The decision to give some extensive consideration to this matter seems a sensible one by Justice Costello, as the implications for business, economic interests and trade if SCCs are found to be an invalid mechanism for transfer are enormous. Large scale organizations, including Facebook, Google, Microsoft, and others, rely on SCCs for cross-border transfers from the EU, many of which have received approval from the Article 29 Working Group (the Data Protection oversight body under the former EU Data Protection Directive). The SCCs are a key component for these business’ cloud-based applications and services. In addition, many international Discovery teams and corporate litigation groups transfer data through similar, approved SCC mechanisms. And while the GDPR seeks to streamline SCC compliance procedures, doing away with oversight approval requirements, that is likely to change in a hurry should SCCs be invalidated as a cross-border transfer mechanism to the US (and the consequences of that finding would have repercussions for other jurisdictions, as well). Cloud-based services, large scale data collections, and cross-borderdiscovery procedures would all be severely crippled by SCCs being invalidated.
There are other means for data transfer available, however. Over 2,000 organizations, including Facebook, Google and Microsoft, have also been certified under the Privacy Shield, which continues to stand as a valid and accepted cross-border transfer mechanism for EU to US transactions. The Privacy Shield offers certain specific assurances with respect to US government surveillance, rights of redress for EU citizens, and a streamlined, self-certification process for compliance, affording an additional layer of compliance and legal protection in conjunction with SCCs. While SCCs are data-transfer destination neutral, the Privacy Shield deals specifically with data transfers to the US.
That being said, the Privacy Shield has been beset with criticism from its inception, has been challenged by digital rights groups, and has been viewed with consternation by the Article 29 Working Group. In the latest news, members of the European Parliament’s civil liberties, justice and home affairs committee (LIBE) voted (narrowly) in late March to support a resolution declaring the Privacy Shield to be inadequate, a finding which then goes to the European Commission for further review. Until the inaugural review of the Privacy Shield by the European Commission in September, and perhaps even after, the fate of the Privacy Shield will continue to be plagued by uncertainty.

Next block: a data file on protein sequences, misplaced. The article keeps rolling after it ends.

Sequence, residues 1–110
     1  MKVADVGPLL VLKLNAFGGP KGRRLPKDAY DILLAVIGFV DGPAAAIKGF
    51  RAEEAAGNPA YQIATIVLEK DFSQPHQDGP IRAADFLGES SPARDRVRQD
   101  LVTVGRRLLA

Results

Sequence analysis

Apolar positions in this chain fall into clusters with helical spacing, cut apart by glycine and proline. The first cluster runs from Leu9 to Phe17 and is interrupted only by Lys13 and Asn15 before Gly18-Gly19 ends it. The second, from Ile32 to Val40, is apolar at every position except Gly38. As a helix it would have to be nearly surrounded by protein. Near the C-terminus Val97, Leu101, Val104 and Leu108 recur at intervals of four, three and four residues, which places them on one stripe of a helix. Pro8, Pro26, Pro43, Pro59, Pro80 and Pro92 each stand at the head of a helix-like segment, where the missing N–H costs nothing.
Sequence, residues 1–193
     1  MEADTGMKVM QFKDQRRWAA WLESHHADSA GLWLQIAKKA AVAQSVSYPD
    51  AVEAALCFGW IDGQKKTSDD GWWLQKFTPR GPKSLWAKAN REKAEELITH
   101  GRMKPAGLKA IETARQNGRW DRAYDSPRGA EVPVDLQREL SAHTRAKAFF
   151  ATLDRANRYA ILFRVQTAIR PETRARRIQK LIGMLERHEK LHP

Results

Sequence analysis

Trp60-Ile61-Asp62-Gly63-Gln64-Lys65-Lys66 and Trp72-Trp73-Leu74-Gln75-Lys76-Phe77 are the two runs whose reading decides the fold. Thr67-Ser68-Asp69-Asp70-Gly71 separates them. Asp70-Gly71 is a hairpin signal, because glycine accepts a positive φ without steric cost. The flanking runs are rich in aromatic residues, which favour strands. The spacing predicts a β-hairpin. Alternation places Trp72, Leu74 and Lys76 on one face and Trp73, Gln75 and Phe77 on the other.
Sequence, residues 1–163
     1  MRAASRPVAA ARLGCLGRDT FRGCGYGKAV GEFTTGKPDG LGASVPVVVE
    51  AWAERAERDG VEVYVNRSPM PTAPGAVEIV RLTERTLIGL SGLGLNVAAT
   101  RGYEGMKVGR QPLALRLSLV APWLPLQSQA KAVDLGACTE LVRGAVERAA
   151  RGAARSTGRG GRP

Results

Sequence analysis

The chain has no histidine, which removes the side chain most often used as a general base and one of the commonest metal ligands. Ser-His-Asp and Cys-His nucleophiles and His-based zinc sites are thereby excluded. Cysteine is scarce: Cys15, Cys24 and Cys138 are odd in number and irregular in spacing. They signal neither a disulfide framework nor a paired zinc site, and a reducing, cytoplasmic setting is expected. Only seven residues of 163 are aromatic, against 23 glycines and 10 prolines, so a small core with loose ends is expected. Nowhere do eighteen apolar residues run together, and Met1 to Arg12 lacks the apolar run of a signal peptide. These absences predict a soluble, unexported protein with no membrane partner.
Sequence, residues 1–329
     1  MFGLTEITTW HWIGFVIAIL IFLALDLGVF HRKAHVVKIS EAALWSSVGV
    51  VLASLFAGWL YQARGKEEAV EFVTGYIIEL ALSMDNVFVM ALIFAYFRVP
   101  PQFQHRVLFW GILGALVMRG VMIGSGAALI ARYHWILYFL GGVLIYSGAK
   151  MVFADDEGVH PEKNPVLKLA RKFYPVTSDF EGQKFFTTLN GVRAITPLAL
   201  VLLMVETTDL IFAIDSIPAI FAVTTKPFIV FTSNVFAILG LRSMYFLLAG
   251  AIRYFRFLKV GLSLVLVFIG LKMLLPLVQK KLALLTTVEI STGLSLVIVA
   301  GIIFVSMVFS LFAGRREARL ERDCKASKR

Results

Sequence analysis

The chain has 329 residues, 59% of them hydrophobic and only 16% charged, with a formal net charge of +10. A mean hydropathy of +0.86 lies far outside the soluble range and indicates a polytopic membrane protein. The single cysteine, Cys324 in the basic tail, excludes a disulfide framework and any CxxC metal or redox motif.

However, there is one method of cross-border transfer that remains unscathed: Binding Corporate Rules, or BCRs. BCRs are specifically cited by the GDPR as an appropriate safeguard for cross-border transfers. The GDPR goes on to detail the conditions for transfer and minimum requirements for BCRs, as well as rules for transfer processes and application of data protection principles, complaint procedures, and overall compliance. BCRs under the GDPR also allow a set of corporate affiliates or groups to use the same BCR compliance structure for all international data transfer. In short, BCRs require a holistic, thorough and robust set of compliance structures, which allow them to continually stand as a solid compliance mechanism. No hand-wringing over the latest court challenges is necessary with BCRs.
So given the importance of cross-border transfers to international businesses, discovery groups and law firms, and the uncertainty around the varying mechanisms in place, you’d think a comprehensive approach to data protection compliance, whether through BCRs or some other means, would quickly be gaining popularity. There has been no rush to that yet, but as GDPR implementation nears, that may be changing. Stay tuned.